Second, the district court's finding that 5 hours spent on case analysis were unnecessary is precisely the kind of assessment that is entitled to considerable deference because of "the district court's superior understanding of the litigation." Van Gerwen, 214 F.3d at 1047 (quoting Hensley, 461 U.S. at 437, 103 S.Ct. 1933). The district court, which oversaw preparation of the case for trial, was in the best position to determine whether case analysis by Welch's counsel was or was not necessary. Welch has offered no evidence that persuades us otherwise.


Similarly, because of the district court's superior understanding of the litigation, the court's conclusion that hours spent propounding discovery were excessive or otherwise unnecessary is entitled to considerable deference. See id. at 1047-48. Kantor & Kantor's billing time sheet included an 8.75-hour block billed entry for time spent reviewing insurance documents, preparing discovery and deposition notices, e-mailing opposing counsel and conducting an intra-office conference. The district court concluded that a 4-hour reduction was appropriate in light of its request to file the entire administrative record, because "it [was] not at all clear . . . that any discovery was appropriate." Because an ERISA plaintiff may be permitted to supplement the administrative record with evidence of a conflict of interest on the part of the defendant, see Tremain v. Bell Industries, Inc., 196 F.3d 970, 976-77 (9th Cir.1999), we agree with Welch that some discovery aimed at demonstrating a conflict of interest may have been appropriate. But in order to grant Welch the relief she seeks, we would have to override the district court's conclusion that 4 of the 8.75 hours claimed were unnecessary. We decline Welch's invitation to nitpick in this manner because she has presented insufficient evidence to convince us that the district court's determination was a clear error of judgment.


Finally, the district court did not err in reducing the requested 13 hours for preparation of Welch's motion for attorney's fees by 9 hours because the motion's language was "boilerplate." A reduction in hours is appropriate if the court reasonably concludes that preparation of a motion "demanded little of counsel's time." Webb v. Sloan, 330 F.3d 1158, 1170 (9th Cir.2003). The district court found that much of the language in Welch's motion for fees was recycled from submissions to other courts. Welch has offered no evidence to undermine the court's reasonable conclusion that billing for a total of 13 hours was excessive. See Hyland v. Indicator Lites, Inc., 160 F.Supp.2d 981, 986 (N.D.Ill.2001) (holding that reduction in hours billed by prevailing party's attorney for drafting complaint was warranted where complaint contained standard formulations and was drafted using "cutting and pasting").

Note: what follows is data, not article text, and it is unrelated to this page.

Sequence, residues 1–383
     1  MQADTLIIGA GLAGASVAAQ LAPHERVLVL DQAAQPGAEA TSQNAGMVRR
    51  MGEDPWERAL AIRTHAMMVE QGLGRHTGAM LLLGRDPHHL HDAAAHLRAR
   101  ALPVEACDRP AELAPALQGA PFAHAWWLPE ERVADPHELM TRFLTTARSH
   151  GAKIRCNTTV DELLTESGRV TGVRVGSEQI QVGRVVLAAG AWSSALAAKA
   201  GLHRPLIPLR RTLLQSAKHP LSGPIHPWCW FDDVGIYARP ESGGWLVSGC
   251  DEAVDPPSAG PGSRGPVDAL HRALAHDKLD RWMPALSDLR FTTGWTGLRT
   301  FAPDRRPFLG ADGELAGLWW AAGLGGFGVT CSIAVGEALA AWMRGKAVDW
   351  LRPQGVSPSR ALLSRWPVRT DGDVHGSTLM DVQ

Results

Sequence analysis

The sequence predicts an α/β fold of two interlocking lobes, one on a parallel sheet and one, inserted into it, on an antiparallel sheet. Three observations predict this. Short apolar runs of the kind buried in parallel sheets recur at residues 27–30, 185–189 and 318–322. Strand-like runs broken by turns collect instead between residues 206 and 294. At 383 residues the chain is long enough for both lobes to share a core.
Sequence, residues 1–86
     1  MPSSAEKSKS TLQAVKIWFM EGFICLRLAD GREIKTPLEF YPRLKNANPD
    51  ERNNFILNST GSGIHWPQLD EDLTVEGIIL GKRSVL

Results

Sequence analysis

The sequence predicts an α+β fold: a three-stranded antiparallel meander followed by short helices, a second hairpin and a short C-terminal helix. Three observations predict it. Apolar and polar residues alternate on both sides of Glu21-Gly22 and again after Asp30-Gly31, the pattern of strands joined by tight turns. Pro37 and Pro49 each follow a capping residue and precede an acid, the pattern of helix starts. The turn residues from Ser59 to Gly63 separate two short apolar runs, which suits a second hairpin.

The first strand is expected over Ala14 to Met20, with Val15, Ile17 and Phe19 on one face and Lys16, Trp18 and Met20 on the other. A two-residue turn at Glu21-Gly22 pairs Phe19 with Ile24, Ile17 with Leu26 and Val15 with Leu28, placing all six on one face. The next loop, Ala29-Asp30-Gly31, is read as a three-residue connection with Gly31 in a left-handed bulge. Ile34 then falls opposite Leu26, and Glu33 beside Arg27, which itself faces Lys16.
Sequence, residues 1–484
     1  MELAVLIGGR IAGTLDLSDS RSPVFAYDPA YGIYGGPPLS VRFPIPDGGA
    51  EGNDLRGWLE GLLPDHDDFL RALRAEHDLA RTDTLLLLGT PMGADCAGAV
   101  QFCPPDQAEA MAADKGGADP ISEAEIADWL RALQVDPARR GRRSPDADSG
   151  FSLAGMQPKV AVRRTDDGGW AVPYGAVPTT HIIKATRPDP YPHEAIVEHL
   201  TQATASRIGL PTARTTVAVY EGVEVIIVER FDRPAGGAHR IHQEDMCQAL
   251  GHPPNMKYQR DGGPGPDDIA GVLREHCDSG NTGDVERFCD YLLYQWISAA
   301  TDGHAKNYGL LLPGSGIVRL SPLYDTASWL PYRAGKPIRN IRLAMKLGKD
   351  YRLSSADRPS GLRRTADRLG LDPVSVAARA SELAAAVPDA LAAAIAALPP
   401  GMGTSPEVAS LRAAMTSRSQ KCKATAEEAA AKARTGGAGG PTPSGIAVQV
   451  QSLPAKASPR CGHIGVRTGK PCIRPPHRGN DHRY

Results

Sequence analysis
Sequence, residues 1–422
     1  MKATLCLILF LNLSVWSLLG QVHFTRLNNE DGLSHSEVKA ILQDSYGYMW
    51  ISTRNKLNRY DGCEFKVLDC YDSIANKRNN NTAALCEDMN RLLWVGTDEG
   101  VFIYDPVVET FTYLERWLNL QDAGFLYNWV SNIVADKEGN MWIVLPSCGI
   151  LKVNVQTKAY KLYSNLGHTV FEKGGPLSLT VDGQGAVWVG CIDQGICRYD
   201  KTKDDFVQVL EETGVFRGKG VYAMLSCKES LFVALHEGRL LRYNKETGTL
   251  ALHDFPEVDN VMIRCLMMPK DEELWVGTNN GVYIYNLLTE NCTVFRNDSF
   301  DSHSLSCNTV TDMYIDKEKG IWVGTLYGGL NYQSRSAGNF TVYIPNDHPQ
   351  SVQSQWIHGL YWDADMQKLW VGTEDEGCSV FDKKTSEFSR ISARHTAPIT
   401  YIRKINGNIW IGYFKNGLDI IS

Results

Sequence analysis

We affirm the district court's reduction of hours for billing in quarter-hour increments and for time involved in intra-office conferences, preparation of a case analysis memo, discovery-related activities and preparation of the motion for attorney's fees. We hold that the district court erred in setting Welch's counsel's hourly rates at $250 and in imposing a 20 percent across-the-board reduction for block billing. Although we believe the record is sufficiently complete for the district court to revise its fee award without additional evidence, we leave it to the court's discretion whether to entertain supplemental submissions or argument by the parties. The district court's fee award is VACATED and REMANDED for a redetermination consistent with this opinion.


The parties shall bear their own costs on appeal.



The Honorable Raner C. Collins, United States District Judge for the District of Arizona, sitting by designation


Kantor & Kantor raised its hourly rate to $400 in January of 2004


"Block billing" is "the time-keeping method by which each lawyer and legal assistant enters the total daily time spent working on a case, rather than itemizing the time expended on specific tasks."Harolds Stores, Inc. v. Dillard Dep't Stores, Inc., 82 F.3d 1533, 1554 n. 15 (10th Cir.1996).


One attorney expressly clarified that his hourly rate $475 doesnot include a contingency multiplier.